Alamere Falls tumbles down a cliff to the Pacific Ocean in Point Reyes National Seashore. This awesome waterfall lies north of the Bolinas plateau and south of Arch Rock. From the Bolinas side, it’s about four miles on good trails, then a half a mile scramble down to the falls and beach, so a total round-trip hike of about nine miles. The Point Reyes southern district trail map shows the route pretty well (look towards the bottom of the map).
Julian, my oldest son, and I started in mid-afternoon with a good lunch at Robata. For the record, Julian inhaled 18 gyoza (Japanese potstickers). Then we stopped in Mill Valley and picked up a slab of bread and some gourmet chocolate to take along for dinner, and headed for the trailhead. Our plan was to get to the falls an hour or so before sunset when the photography would be good, and hike most of the way back in the dark.
It was a pleasure hiking with Julian, who enjoyed the sights and sounds of birds, flowers, and bullfrogs. The only real disappointment was when the trail passed Bass Lake, a possible swimming spot. But poison oak made the approach to the lake too tricky to attempt.
When we got to the turn-off from the Coastal Trail down to Alamere Falls, Julian particularly took pleasure in the Park Service’s “Dangerous and Unmaintained” trail sign. This path does tunnel through poison oak in places. You reach the top of the falls by jumping across the creek as it approaches the falls, and are then standing 150 feet or so above a sheer cliff to the beach. It’s very dramatic and a bit vertigo inducing (photo from the top of Alamere Falls to follow).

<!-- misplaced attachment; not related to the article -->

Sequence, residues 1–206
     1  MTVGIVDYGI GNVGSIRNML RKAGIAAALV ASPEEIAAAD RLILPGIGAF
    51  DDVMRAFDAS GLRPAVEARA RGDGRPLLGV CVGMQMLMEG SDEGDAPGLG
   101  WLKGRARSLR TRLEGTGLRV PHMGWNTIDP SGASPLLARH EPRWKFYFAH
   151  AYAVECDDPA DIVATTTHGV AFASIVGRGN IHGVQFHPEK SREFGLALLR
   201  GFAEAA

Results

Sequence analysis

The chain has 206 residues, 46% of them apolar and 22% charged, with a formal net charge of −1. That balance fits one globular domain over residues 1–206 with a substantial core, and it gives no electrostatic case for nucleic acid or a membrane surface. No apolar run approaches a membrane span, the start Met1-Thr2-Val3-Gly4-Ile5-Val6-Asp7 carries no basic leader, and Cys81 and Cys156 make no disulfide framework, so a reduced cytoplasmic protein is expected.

From the top of the falls, we made our way down a crack in the cliff to the beach. This is a reasonably steep climb, and I decided I didn’t want to go back up it in the dark.
On the beach, the sun was heading down and a rainbow played in Alamere Falls (above). I let Julian take off his clothes for a dip in the creek (below) while I photographed.
On the trail home, as it got dark, we switched on our head lamps and talked about a wide range of topics. Julian said, “When I’m grown up, I’ll take my oldest son here.” Back in the parking lot, Julian was asleep almost as soon as I cranked the engine. There was no traffic, and we were home to a sleeping house by midnight.
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